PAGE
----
Early detection, ART decreased HIV transmission
Patients who were given early access to antiretroviral therapy decreased their HIV transmission risk by as much as 90% in a recent study, highlighting the importance of early detection and treatment, according to researchers.
“Such a protective effect of early ART against HIV transmission had been previously demonstrated among the specific population of stable serodiscordant couples, but the present study enlarges this result to a more general population of people living with HIV,” Kévin Jean, a PhD candidate in public health epidemiology at Université Versailles Saint-Quentin, France, told Infectious Disease News.
The investigators reported results from a study conducted in West Africa, where 957 patients were randomly assigned to early ART or according to suggested WHO protocols.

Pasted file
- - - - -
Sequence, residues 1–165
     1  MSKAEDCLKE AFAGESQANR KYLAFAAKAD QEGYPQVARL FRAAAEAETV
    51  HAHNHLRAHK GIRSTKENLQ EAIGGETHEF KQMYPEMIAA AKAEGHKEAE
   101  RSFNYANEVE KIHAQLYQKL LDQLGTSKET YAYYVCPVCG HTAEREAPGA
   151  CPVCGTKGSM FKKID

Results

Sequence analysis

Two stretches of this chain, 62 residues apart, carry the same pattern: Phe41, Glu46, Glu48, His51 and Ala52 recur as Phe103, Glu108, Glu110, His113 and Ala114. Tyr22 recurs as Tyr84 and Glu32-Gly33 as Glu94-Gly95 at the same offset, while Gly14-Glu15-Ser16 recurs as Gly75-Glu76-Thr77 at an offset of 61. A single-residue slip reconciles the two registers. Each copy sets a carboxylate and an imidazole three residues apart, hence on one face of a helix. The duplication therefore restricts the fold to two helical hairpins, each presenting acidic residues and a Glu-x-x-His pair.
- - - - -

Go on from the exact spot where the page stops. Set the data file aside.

“Forty-six percent reported sexual activity in the past month, 41.5% of them with non-cohabiting partners. Proportion of risky sex was 10% vs. 12.8%, respectively, in participants on early vs. standard ART (P=.17),” Jean and colleagues wrote, adding that “the estimated protective effect of early ART was 90% (95% CI, 81-95).”
The researchers acknowledged some study limitations, which could have biased the study outcomes and transmission risk; specifically, the data came from self-reports and that the HIV transmission risk was estimated instead of measured.
Disclosure: The researchers report no relevant financial disclosures.
Kévin Jean can be reached at Eq. 11, Hôp. Paul Brousse, Bât 15-16, 16 Avenue Paul Vaillant Couturier, 94800 Villejuif, France; email; firstname.lastname@example.org.